For tonight only, the twin towers of light again shoot skyward from the site of the center. Paul and I walked to Shore Promenade to see the beams against the city skyline. Only when we returned to our apartment did I realize we can also see them from our living room window.

Monday, September 8, 2008

Montreal: Day 3

Last Monday was our last day in Montreal, and all I can say is that it could have been worse.

After one last serving of poutine, we hit the road. I expected the trip home would take longer because of the holiday, but traffic was surprisingly normal. However, we waited 1 hour and 40 minutes in line at the border.

That wasn't the worst of it. We handed the guard our passports and licenses. When she gave them back, we immediately noticed that she didn't give us back Paul's license. We told her this, but she claimed we never gave it to her.

We pulled over and searched the car, even though we knew we had given it to her. No luck finding it, of course. Paul politely approached the guard again, but she continued to claim she never saw it.

We couldn't do anything but continue our drive home and hope it would be found. And -- surprise, surprise -- it was. The second day of our return Paul called the lost and found at the border, it was there. We were relieved- not least of all because Paul wouldn't have to stand in the horrendous line to replace his license.

The drive was uneventful until we got to Manhattan and Brooklyn. It was late -- near 11 -- traffic was heavy, and I think we missed a turn. All in all, the trip home took something like 9 hours.

But, as I said, it could have been worse.

After Paul parked the car and turned off the ignition, we decided to move it back a few inches. But the car wouldn't start. We knew about this problem the week before, but Paul changed the battery and we thought it was fixed. No such luck.

It started fine the next morning. Aggravation!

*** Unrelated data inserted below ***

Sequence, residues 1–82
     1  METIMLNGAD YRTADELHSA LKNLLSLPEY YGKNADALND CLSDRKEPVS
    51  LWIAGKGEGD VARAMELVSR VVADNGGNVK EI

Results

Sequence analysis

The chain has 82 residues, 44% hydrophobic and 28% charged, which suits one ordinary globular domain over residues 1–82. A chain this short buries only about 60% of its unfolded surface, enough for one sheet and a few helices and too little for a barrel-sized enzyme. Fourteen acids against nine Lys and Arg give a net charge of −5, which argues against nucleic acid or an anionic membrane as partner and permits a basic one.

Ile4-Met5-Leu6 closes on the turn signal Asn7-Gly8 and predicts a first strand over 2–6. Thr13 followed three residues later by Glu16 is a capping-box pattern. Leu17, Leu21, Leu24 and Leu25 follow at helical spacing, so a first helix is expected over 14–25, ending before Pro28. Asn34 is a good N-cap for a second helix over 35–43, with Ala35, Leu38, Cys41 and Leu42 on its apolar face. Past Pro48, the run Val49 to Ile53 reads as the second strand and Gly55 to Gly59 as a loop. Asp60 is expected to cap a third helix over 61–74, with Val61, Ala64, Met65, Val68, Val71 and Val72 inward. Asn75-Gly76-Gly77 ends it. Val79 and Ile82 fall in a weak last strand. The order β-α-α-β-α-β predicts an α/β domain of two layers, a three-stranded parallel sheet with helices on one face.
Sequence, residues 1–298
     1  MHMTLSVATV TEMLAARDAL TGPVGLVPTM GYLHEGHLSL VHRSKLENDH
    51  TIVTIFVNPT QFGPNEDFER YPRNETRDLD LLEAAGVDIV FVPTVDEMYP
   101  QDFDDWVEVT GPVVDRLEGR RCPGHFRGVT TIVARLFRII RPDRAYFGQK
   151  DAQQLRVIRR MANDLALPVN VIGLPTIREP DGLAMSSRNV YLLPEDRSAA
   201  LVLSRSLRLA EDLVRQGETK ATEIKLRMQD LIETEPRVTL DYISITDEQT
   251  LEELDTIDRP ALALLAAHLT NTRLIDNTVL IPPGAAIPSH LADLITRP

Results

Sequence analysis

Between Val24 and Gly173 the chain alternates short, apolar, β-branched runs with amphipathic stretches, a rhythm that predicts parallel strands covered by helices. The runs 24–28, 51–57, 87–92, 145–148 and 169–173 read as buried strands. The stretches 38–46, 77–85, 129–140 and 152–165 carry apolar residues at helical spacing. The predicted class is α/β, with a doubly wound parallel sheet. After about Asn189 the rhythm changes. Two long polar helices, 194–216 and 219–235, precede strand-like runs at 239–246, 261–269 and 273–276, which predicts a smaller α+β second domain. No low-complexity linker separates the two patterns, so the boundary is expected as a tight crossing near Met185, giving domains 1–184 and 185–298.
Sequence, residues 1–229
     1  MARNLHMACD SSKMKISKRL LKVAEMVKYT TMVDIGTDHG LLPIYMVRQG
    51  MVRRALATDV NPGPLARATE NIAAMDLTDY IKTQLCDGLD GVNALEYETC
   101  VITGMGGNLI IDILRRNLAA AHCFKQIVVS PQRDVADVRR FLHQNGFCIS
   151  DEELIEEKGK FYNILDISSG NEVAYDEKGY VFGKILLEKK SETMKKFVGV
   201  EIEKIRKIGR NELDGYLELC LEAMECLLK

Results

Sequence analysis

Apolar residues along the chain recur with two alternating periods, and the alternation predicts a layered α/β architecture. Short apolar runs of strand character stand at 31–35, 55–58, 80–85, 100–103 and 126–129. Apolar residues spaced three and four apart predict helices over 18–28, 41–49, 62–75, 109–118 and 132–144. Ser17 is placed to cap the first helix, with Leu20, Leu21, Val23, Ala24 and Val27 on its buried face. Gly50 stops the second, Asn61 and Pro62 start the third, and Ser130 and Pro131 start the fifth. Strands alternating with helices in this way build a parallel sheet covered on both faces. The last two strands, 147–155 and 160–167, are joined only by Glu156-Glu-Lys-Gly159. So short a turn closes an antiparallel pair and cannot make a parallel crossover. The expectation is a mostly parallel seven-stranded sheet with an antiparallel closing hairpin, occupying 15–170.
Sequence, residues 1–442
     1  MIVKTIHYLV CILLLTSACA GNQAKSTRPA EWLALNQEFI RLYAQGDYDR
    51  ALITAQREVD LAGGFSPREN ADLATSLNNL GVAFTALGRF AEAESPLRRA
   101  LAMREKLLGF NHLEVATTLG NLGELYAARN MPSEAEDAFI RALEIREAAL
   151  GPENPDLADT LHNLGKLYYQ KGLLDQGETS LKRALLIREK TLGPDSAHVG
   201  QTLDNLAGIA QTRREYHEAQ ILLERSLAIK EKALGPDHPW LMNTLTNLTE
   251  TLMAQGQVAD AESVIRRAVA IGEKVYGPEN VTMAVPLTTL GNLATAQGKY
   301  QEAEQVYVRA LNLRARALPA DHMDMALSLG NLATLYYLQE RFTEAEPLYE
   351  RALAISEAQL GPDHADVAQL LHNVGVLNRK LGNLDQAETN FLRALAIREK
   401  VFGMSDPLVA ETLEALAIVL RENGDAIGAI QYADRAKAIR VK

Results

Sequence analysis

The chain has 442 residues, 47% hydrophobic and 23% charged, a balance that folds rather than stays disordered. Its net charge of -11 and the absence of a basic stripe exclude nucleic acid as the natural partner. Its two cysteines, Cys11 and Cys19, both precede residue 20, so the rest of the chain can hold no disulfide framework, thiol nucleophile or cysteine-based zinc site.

Here's a few more Montreal photos for your viewing pleasure:

Friday, September 5, 2008

Montreal: Day 2

Like Saturday, we spent Sunday eating, drinking, walking and climbing in no particular order.

First thing in the morning we walked down to the St. Lawrence River port area. And I literally mean we walked down. Montreal is surprising hilly. Me and my non-existent French didn't realize the city was actually named for a (small mountain) in the city.

It was a hot day, and the terraces and decks were crowded with people eating brunch and people-watching. We winded our way through the narrow side streets and even narrower sidewalks looking for a coffee shop.

Instead we sat on bar stools at the window of a small cafe, watching a commercial shoot. We had no idea what they were shooting, and neither did our waitress. Paul guesses a hair-care product. I think it was make-up.

The only place we absolutely wanted to visit in Montreal was the Notre Dame Basilica. I had read that the architect actually converted to Catholicism after creating the church in the 1800's.

I'd rarely seen a Catholic church so colorful. The ceiling was a green-blue with gold stars. The columns had multi-hued designs. And the woodwork at the front of the church was amazing. I didn't get any good photos inside the church, but take a quick look at rotating pictures on the official website. Pay particular attention to the nearly-spiral staircase on the left.